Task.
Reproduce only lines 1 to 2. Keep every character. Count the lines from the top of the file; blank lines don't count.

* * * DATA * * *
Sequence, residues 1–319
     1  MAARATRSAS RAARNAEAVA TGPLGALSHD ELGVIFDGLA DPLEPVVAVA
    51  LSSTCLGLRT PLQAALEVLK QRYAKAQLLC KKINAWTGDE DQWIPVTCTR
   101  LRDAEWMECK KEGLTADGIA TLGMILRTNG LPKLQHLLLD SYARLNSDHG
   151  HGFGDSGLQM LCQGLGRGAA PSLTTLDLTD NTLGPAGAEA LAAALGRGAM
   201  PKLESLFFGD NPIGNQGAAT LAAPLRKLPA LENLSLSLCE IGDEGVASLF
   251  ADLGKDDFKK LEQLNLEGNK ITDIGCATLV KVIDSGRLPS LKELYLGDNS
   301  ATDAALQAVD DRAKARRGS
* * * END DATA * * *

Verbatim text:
Sequence, residues 1–319
     1  MAARATRSAS RAARNAEAVA TGPLGALSHD ELGVIFDGLA DPLEPVVAVA